It’s far too easy to get caught up and just think about coding time, but unfortunately we need to deal with numerous other tasks including documentation (both internal API documentation and end user documentation), testing, deployment etc. On top of this, there will always be bugs and amends (no matter how perfect you think you are) as well as the overhead of running a team project (communication, management etc).
Problem – Waterfall estimates are next to useless
Although most projects involve some amount of boilerplate functionality which is easy to estimate, as you’ve done it a million times over, there’s still a lot you don’t know. With the Waterfall model, there is the “Cone of Uncertainty”. This means that at the start of the project, your estimates will likely be wildly inaccurate, and as you progress closer towards the end, the cone starts to close, and your estimates get more and more accurate. This has led to the growth of agile over the last few years, but unfortunately people using agile think they can’t estimate a whole project at the start.
Solution – The holy triangle
The holy triangle is based on 3 axis, where adjusting 2 affects the value of the third. The possible combinations are:
- Good, fast and expensive
- Good, cheap and slow
- Fast, cheap and bad
Although it is possible to have high quality and quickly, it will be expensive – Something most clients will fail to comprehend.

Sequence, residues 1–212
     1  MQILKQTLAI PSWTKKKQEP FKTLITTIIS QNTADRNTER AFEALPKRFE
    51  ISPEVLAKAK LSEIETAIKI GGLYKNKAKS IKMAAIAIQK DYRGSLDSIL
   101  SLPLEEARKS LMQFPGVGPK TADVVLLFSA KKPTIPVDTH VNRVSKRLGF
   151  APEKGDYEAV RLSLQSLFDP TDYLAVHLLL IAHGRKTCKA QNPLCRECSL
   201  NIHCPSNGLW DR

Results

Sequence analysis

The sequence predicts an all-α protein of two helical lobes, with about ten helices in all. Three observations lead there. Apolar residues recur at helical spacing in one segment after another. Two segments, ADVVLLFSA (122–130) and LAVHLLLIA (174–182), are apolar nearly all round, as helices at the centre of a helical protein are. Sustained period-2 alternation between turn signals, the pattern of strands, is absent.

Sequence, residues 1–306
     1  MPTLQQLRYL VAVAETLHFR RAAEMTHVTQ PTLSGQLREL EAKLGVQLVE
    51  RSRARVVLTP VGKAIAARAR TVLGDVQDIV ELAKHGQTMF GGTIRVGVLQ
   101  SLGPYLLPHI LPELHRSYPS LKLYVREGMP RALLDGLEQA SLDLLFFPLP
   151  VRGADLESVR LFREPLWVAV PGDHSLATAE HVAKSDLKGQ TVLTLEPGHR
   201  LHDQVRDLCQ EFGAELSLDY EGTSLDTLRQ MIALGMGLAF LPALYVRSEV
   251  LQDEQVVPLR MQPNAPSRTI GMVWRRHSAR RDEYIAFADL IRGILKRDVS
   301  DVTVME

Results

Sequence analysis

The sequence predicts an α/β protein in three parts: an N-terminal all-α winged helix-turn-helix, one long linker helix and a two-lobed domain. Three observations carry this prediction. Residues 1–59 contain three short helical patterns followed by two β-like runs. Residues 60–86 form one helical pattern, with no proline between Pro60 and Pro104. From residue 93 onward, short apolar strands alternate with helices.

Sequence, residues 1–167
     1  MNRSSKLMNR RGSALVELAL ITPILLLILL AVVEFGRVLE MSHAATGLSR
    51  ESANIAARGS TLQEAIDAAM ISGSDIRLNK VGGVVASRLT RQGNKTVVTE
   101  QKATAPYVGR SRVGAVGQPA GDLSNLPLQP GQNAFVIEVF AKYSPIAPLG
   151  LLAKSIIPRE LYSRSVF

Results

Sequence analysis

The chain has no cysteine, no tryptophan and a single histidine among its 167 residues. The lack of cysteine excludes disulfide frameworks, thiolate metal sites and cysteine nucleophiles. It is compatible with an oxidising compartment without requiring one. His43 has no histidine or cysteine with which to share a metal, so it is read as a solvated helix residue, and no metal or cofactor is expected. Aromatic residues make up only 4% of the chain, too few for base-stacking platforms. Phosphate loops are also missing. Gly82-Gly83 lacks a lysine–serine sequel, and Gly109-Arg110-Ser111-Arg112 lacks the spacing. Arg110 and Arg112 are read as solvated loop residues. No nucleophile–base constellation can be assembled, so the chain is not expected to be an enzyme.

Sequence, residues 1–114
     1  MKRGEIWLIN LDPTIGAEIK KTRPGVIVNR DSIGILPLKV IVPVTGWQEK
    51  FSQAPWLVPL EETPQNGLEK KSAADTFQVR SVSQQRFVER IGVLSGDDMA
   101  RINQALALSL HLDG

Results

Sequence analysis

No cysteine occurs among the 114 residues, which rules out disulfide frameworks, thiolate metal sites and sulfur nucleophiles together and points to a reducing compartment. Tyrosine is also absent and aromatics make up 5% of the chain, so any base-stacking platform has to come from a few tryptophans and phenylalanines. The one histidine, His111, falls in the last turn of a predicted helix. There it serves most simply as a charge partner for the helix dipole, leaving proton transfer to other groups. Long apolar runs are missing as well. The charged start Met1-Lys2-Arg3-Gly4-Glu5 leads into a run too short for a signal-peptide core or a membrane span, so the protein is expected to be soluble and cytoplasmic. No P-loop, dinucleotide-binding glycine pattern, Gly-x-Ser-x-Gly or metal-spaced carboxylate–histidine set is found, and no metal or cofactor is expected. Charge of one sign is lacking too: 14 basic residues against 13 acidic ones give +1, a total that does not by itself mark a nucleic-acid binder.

Solution – MoSCoW
This stands for Must, Should, Could, Won’t and help the client to understand that not all functionality is created equally. Unfortunately a client will initially think that everything is a must, so hopefully the following will clear up what’s a must versus a should, could or won’t:
- Must – Critical to the project, which would be a failure without it. The project could not launch without all the must features implemented
- Should – Most things that the client thinks is a must will actually fall into this category. Although you can launch without these, it’s best to do them if you can, as they will often help improve the usability or make it unique
- Could – These are the nice to have extras, but in no way, shape or form crucial to the project. If there’s enough resource left once all the must and should features are done, you can work on these
- Won’t – No, just say no to these features
So how does this help? Well, you’ll likely have just halved your workload as it turns out you don’t need all the bells and whistles the client thought they needed. It also helps to manage client expectations, because as long as you have all the musts implemented, you can still launch without the rest, reducing the risk of overrunning (for the initial release).
Mistake – Lose track of time
Unfortunately, we’re all terrible at tracking time for 2 main reasons:
1. We dislike anything that’s not actual coding, so time tracking is seen as a chore
2. If we’re switching between tasks regularly, the time tracking becomes very fragmented (although in this case, context changes are the bigger problem)
Despite this, it’s important to track time, so that you know where you are relative to your estimates and if they’re accurate. The sooner you can identify a problem, the better.
Mistake – Estimate bugs
By their very definition, it’s impossible to estimate how long it will take to fix a bug, as the exact cause is unknown. I’m sure we’ve all spent numerous hours, if not days, to find a trivial, one line fix. As you can’t estimate the duration of finding the cause of the bug, you need to have this buffer factored into the overall estimate.
Mistake – Not learning from mistakes
At the end of every project, we should review everything that went well, but more importantly, what didn’t go so well. If estimate were under, identify the cause so you won’t make the mistake again. If there was something that took considerable time that wasn’t factored in, make a note do you remember last time etc.